INTERNATIONALIZE NATIONAL HIGHER EDUCATION
The MoHE aims to make Malaysia an international hub for higher education
The year 2022 has seen much more progress in higher education, compared to previous years when the pandemic still dictated our physical travels.
Since the borders of many countries have started to reopen, international travel has been made possible. This enabled visits to other countries for the signing of Memoranda of Understanding (MoU) and Memorandum of Understanding (MoA) between Malaysian Higher Education Institutions (HEIs) and their international counterparts.
This year alone, I have had the privilege of witnessing the signing of 12 MoUs and one MoU in India, Qatar, UK, Romania, Turkey and Canada.
I’m sure there will be more to come.
One might ask why establishing partnerships would be an important undertaking for Malaysian HEIs?
The goal of internationalization
The answer is this – the Malaysian government in general and the Ministry of Higher Education (MoHE) in particular have been working to make Malaysia an international center for higher education.
With 131,000 international students currently enrolled in our HEIs, we are on track to meet our goal of welcoming 250,000 by 2025.
To make this possible, our universities have set up and executed various initiatives such as offering offshore programs as well as creating MoUs and MoUs.
Such efforts will facilitate international collaborations in research and innovation, teaching and learning, student and staff mobility programs, and much more. The benefits are truly abundant.
Building a higher education hub for Malaysia means for us to attract and retain a critical mass of students, experts, higher education institutions, knowledge industries, science and technology centers, etc.
Benefits of going international
Various parties stand to gain from the internationalization of higher education in Malaysia.
In terms of universities, we can expect improved teaching and learning as well as research and innovation methods that can compete with developed countries.
Culturally or socially, we will be able to promote Malaysian culture and our mother tongue, Bahasa Malaysia, to our international counterparts. The process of internationalization will also expose Malaysians to different cultures without having to leave the country.
Economically, internationalization is a remedy for the challenges posed by the pandemic.
It contributes to the country’s revenue generation, especially through the influx of international students entering the country.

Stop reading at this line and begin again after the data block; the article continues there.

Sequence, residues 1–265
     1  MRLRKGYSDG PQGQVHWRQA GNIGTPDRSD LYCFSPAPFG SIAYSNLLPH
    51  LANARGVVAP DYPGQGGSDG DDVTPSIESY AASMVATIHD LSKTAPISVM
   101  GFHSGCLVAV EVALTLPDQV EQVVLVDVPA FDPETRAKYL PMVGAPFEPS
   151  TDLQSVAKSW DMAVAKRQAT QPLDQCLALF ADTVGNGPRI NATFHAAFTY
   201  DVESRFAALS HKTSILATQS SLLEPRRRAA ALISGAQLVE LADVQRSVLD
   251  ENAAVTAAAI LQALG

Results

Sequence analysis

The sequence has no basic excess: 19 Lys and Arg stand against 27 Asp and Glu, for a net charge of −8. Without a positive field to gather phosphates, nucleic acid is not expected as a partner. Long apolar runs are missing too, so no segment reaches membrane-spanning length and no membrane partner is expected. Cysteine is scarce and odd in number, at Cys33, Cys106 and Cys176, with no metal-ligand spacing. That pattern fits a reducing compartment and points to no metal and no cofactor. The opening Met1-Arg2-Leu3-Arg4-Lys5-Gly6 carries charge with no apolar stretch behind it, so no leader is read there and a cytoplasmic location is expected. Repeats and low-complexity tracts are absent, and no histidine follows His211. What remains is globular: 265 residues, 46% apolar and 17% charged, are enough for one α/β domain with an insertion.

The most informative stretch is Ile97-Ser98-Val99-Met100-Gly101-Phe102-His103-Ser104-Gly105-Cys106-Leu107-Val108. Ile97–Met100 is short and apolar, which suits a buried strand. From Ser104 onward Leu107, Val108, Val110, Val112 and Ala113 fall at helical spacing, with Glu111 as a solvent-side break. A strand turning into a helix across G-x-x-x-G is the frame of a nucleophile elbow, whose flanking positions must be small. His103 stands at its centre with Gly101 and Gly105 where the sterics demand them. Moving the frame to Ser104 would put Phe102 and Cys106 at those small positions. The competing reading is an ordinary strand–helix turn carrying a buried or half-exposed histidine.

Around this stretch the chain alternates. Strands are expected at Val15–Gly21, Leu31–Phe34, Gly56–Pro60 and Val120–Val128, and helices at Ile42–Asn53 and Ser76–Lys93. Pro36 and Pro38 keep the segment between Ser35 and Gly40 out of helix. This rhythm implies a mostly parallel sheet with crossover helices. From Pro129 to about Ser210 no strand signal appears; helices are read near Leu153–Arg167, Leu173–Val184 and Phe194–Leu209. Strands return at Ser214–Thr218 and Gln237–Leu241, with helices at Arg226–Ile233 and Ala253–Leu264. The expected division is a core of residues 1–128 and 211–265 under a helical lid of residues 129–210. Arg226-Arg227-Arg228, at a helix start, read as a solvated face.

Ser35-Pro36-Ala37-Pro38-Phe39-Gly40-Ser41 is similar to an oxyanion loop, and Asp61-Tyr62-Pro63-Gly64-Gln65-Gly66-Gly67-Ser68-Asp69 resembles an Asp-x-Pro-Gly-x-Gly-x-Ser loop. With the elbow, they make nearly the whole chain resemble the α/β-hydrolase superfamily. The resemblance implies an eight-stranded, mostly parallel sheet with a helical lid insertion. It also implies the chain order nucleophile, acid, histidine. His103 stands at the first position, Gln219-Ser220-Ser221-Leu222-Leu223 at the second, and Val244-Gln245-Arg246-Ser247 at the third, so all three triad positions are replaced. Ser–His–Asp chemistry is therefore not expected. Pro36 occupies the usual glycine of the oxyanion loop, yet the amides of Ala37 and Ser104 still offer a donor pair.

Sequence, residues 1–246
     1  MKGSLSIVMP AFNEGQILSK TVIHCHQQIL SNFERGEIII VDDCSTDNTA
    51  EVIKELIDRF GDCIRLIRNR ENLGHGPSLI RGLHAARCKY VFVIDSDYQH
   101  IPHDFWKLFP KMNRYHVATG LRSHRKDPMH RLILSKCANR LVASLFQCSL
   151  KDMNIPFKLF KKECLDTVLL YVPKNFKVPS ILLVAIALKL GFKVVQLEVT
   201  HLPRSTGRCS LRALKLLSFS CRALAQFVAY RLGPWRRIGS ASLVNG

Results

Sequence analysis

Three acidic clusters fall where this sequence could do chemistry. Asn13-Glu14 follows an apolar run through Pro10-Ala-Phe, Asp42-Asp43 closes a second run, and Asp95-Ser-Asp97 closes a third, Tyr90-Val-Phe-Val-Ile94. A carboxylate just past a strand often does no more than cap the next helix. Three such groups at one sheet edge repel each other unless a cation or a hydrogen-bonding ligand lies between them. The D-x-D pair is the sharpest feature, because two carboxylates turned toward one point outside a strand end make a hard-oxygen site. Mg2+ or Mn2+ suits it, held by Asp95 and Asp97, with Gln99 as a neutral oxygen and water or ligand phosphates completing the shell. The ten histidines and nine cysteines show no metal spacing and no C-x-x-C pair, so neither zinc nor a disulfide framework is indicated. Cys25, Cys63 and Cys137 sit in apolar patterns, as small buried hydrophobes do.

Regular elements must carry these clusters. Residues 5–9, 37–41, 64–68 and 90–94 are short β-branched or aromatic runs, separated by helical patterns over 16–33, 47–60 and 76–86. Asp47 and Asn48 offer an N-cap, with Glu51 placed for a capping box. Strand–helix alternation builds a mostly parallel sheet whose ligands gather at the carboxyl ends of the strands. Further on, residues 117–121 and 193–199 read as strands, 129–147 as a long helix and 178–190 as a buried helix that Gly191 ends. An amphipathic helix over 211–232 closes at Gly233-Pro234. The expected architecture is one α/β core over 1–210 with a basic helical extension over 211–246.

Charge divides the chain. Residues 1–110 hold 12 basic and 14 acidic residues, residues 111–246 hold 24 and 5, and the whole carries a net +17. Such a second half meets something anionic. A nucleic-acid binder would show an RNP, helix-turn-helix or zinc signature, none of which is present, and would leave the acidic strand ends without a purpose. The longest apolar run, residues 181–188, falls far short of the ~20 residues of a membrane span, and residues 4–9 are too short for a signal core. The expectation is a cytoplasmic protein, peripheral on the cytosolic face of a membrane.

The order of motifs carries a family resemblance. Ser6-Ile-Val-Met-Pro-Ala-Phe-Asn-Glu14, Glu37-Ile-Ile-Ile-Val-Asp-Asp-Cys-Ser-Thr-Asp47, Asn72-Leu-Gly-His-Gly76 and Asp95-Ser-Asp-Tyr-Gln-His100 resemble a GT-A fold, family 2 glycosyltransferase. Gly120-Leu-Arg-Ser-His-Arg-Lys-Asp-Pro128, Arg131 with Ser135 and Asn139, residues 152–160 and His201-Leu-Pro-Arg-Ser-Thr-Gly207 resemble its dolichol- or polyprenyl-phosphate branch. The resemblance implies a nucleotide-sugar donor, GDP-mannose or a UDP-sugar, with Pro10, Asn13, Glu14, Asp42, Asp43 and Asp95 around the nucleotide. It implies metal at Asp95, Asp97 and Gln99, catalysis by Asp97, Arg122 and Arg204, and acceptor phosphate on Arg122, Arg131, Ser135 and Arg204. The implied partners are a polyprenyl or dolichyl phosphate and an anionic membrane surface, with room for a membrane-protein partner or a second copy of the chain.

One effect of internationalization efforts that may have gone unnoticed is the narrowing of the gender gap.
Currently, 55% of our scholars are women who continue to achieve success in various teaching subjects.
In addition, those enrolled in our public HEIs include 357,087 women, which represents 61% of the total student body.
On the other hand, more than 537,434 – or 53% of the students enrolled in our private HEIs – are also women.
Therefore, if the number of registrations increases, it is reasonable to believe that the corporate sector will be made up of more female leaders in the near future.
Malaysia’s Selling Points
To attract new partnerships, there are several selling points that I regularly highlight in my speeches abroad.
The first is the ranking of Malaysian universities.
In the Quacquarelli Symonds (QS) World University Rankings 2023, Universiti Malaya is ranked among the top 100 universities and Universiti Putra Malaysia, Universiti Kebangsaan Malaysia, as well as Universiti Sains Malaysia, are in the top 200.
Many of our universities have performed well and are expected to improve in the years to come.
Secondly, the cost of living in Malaysia is much lower than in developed countries with highly ranked universities.
Our capital, Kuala Lumpur, is consistently highly ranked in the “Most Affordable Cities for Students” by QS Top Universities.
Due to the lower cost, students can afford to enjoy our various beautiful destinations across the country, as well as explore our rich and diverse cultural heritage.
Third, tourism is a form of education in itself.
The MoHE will soon launch the Educational Tourism (edu-tourism) programme.
Edu-tourism will provide an immersive educational experience in Malaysia’s most scenic destinations, which comes with exposure to rich cultures and diverse traditions.
Under this program, Malaysian HEIs will serve as tourism hubs.
Fourth, the progressive nature of our higher education system, which supports sustainable and inclusive lifelong learning.
The MoHE is a strong supporter of the United Nations Sustainable Development Goals (SDGs) and we focus on the 4th SDG of quality education. This, in combination with our 12th Plan Malaysia, underlines the importance of the notion of ‘leaving no one behind’.
To this end, we have introduced micro-certification courses and accreditation of prior experiential learning (APEL). Both initiatives are administered by the Malaysian Qualifications Agency.
Under the micro-certificate initiative, learners can take short courses at different institutions and combine them to convert them into an awarded qualification. There are currently over 11,000 micro-degree courses offered by our HEIs.
APEL, on the other hand, allows candidates to use their experiences to earn credits in their degree program. In June 2022, we had over 26,000 applicants pursuing APEL.
Essentially, HEIs across Malaysia have done well in planning and executing efforts that promote the internationalization of our higher education.
They proved they were a united family.
May our internationalization efforts prosper regardless of the challenges and obstacles that await us in these uncertain times.
Datuk Seri Dr. Noraini Ahmad is Minister of Higher Education.